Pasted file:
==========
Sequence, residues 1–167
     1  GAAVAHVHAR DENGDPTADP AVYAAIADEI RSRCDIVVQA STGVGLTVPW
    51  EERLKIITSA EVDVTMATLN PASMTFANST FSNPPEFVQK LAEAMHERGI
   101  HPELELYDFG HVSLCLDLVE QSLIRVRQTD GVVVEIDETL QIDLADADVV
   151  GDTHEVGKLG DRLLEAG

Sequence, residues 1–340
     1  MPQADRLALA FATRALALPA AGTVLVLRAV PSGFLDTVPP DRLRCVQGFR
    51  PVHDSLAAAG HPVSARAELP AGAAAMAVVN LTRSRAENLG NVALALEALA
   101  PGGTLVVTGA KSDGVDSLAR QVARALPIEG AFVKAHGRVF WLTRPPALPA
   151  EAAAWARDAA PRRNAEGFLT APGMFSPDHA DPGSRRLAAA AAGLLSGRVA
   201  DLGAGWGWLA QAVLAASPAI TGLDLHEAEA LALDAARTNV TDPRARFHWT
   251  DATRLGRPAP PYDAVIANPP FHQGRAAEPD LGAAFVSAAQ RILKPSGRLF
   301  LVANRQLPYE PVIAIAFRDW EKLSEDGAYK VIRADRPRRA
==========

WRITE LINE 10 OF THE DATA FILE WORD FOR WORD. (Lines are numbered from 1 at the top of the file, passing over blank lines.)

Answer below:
   151  EAAAWARDAA PRRNAEGFLT APGMFSPDHA DPGSRRLAAA AAGLLSGRVA